- The problems we see with managedDX:
1. Requires good-to-excellent C# knowledge in order to get things running as smooth as possible (required for games, and differs with the kind of game. e.g. FPS vs Puzzle). C# is a new language, and we're not good enough at it yet.

2. There's so much C++ knowledge and resources available around (sometimes referred to as C++ inertia). This isn't a big deal, IMO, because the switch from C++ to C# is very easy.

3. For downloadable games, you're kind of limited by the size of .NET (~20 MB). Most indie games are downloadable, and using .NET would render that impossible (and many users haven't even heard of .NET yet , it seems.). Broadband and Longhorn are our saviours here.

What do other guys think about this?

Muhammad Haggag
Bitwise account: MHaggag -

[edited by - Coder on March 20, 2004 6:27:20 AM]

Share this post


Link to post
Share on other sites
hey
that some good info there but what im looking for is having the Directx stuff and all the performance critical stuff in C++ and then having C# as a Scripting language/control agent that interacts with the C++ code but doens;t run any Directx calls its self. I don;t really want to port all my C++ code that i have at the momment into c#. im just looking to integrate a scripting language of sorts and just thought C# would be nice


Eul0gy^

Share this post


Link to post
Share on other sites
quote:
Original post by Eul0gy
hey
that some good info there but what im looking for is having the Directx stuff and all the performance critical stuff in C++ and then having C# as a Scripting language/control agent that interacts with the C++ code but doens;t run any Directx calls its self. I don;t really want to port all my C++ code that i have at the momment into c#. im just looking to integrate a scripting language of sorts and just thought C# would be nice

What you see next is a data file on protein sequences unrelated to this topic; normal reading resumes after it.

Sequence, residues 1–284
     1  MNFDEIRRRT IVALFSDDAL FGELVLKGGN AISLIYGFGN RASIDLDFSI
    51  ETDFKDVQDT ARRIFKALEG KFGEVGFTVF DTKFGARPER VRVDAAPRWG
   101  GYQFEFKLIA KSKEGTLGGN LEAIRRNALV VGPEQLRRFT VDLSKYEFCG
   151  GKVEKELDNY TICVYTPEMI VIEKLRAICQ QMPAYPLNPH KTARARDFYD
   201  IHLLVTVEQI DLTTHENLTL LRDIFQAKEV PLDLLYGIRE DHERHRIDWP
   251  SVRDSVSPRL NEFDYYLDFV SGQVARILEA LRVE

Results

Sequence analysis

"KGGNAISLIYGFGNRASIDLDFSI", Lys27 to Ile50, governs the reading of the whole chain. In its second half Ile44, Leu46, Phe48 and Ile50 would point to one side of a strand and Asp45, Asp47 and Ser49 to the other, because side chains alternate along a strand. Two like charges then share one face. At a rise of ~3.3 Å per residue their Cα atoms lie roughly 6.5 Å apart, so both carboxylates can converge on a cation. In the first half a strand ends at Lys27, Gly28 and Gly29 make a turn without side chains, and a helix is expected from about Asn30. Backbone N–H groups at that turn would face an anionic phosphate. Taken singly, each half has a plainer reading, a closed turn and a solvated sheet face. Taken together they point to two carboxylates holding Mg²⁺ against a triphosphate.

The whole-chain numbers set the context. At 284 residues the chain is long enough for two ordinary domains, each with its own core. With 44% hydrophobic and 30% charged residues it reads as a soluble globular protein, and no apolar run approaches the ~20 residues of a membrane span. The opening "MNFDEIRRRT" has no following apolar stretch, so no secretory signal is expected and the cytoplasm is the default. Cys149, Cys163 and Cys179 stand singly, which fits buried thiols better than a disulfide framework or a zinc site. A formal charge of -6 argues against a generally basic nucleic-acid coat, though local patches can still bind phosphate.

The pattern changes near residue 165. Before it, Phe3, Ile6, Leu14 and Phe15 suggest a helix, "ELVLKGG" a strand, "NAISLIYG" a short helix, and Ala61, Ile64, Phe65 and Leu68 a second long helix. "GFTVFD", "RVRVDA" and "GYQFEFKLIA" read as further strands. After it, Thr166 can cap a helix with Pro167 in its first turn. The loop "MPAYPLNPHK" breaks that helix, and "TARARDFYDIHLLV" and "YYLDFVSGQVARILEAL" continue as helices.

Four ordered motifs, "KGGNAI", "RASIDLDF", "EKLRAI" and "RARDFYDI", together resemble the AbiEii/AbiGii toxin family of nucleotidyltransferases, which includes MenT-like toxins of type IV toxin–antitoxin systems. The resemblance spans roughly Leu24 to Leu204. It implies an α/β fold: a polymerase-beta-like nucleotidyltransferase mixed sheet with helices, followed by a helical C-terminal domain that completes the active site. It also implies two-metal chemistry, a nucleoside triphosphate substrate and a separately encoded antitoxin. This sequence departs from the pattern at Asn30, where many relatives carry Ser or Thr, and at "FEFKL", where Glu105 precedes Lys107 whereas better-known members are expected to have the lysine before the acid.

Eul0gy^

We currently don''t want to port our C++ code to C# as well (for the aforementioned reasons). What we do, however, is create every part of our engine as a COM component. That way, we can access it easily through C#. So if we write the editor in C#, we can use the core of the engine through COM interop. And if we decide to port the C++ engine to C# someday, we don''t start from scratch. We just convert component by component.

Muhammad Haggag
Bitwise account: MHaggag -

Share this post


Link to post
Share on other sites
i use c++ because i don''t want to be locked in, but its stupid because i don''t really know anything else about c++ apart from using directx.

if you don''t care about being dependent on microsoft , c# n directx is fine

Share this post


Link to post
Share on other sites
quote:
Original post by johnnyBravo
if you don''t care about being dependent on microsoft , c# n directx is fine

That''s one big misconception about dotNET. dotNET is a standard now, and there are two open-source implementations under development: dotGNU, and Mono



Muhammad Haggag
Bitwise account: MHaggag -

Share this post


Link to post
Share on other sites

  • Advertisement
×

Important Information

By using GameDev.net, you agree to our community Guidelines, Terms of Use, and Privacy Policy.

We are the game development community.

Whether you are an indie, hobbyist, AAA developer, or just trying to learn, GameDev.net is the place for you to learn, share, and connect with the games industry. Learn more About Us or sign up!

Sign me up!